And so the specification runs. "These are the measures of the altar after the cubits." That is to say, if you look upon the thing geometrically, here it is, so long, so broad, so high, thus, and thus, and no other way. Such is the divine specification; the altar is measurable, it is a question of cubits; make the cubits right, and you make the geometric altar right. Beyond that, the measuring man can do nothing. He can only talk in cubits; he has no other measure but cubits and the varieties thereof. He measures up his work and returns it in arithmetical forms, and so far as he is concerned there is an end of the matter. But when you have given the cubits you have given nothing. Yet we cannot drive this out of people's minds. They are learned in cubits; they know the length of the temple and the height thereof, and they can quote the specification for the woodwork and the goldwork and all the furnishing; and the worst of it is that, having done so, they think they have been in the temple, and that what they have told you is the temple: whereas they may know all about the cubits and the goldwork, and the cherubim and the seraphim, and the altar and all the order of the ceremonies, and never have been in the temple at all. The altar, as a mechanical structure, is measurable; as a spiritual symbol, it is without measure. There are persons who imagine that if they have read the book called the Bible through, they have read God's revelation completely. It is the same sophism. There are ingenious men who have written at the very beginning of the English Bible how many chapters there are in Genesis, and how many in Exodus, and how many in the Apocalypse. In the front of most of your Bibles you will find an analysis of chapters; some other Bibles give you an analysis of the number of verses in each book. All this is interesting; it has its ingenious, and, indeed, its useful side: but, coming to realities, it is nothing. All this frivolous information may be familiar to you, and yet you may never have seen God in the book which bears his name. There are men who think if they have told you how far it is from Dan to Beersheba they have been preaching. They have not begun to preach in the name and spirit of Christ. All this is mere secular instruction. We sometimes boast that in the Sunday school there is now no need of secular education. What do we find in Sunday-schools and in Bible-classes that is more than secular instruction? We do not want a map of Palestine except as a momentary convenience; we do not want your waxen and wooden models of the temple except for a moment's glance: what we want, to be at now is what the Apostle describes in the Hebrews as the altar not made with hands, of which all other altars are dim symbols, poor, wasting, yet in their limits useful, types.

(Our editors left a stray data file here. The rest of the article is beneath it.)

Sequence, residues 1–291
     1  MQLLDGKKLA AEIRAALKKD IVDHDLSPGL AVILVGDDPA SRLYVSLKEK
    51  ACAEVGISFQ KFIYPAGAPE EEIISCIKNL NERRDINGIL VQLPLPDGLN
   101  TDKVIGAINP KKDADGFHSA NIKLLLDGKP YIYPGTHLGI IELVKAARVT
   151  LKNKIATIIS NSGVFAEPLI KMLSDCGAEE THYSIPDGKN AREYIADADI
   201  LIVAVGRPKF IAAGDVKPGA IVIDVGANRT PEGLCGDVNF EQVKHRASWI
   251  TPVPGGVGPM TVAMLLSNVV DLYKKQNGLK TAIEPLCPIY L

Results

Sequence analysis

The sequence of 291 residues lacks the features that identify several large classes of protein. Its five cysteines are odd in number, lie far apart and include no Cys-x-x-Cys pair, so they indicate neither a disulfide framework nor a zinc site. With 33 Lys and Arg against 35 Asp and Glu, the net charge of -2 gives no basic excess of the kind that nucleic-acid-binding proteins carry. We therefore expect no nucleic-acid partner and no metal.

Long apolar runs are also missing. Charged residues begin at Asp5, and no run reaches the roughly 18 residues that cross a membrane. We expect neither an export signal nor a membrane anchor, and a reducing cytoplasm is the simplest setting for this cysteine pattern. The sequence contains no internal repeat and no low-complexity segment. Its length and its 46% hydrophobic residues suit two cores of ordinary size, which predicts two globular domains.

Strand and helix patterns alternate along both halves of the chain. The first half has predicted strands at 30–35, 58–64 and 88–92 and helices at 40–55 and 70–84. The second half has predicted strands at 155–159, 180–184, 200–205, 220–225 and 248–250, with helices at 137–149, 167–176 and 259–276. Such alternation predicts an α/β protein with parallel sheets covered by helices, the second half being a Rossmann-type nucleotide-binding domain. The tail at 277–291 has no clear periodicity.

There are what are called ecclesiastical antiquarians. They occupy a respectable position in society. They are often pensive-looking men; they are men of most studious habits. If you wanted to know the meaning of any ecclesiastical term, they would find it for you; they can go back century after century, and tell you the measure of every part, and the colour of every robe, and the significance of every line; and they can press matters down to the centuries of corruption, when all these original meanings were lost or perverted; then they can proceed to the centuries of restoration, and tell you all concerning the reconstruction of matters that had been overthrown, perverted, or neglected. All this they can do without ever praying. A man may build a cathedral and never pray. The workmen that built St. Paul's or St. Peter's may have mingled their cement with their blasphemy. Because you build a church you are not therefore pious; because you endow a church you are not therefore a saint; because you go to church you are not therefore good: this is the altar by cubits; this is the geometric story of the altar: and the mischief is that people hearing about all these cubits and colours, all these forms and relationships, call it instructive preaching. Whilst the pulpit is thus dragged down, it cannot live its own royal, spontaneous, divinest life. We want to hear about the Altar of which geometric altars are types. We ought to be above the temple in which we assemble. In itself, it should be little or nothing to us; beyond a momentary convenience, it should be a rough, palpable, almost wearisome incarnation of that Temple that has no form, that Sanctuary of which God is the eternal flame. It is so difficult to bring men out of the elementary and alphabetic.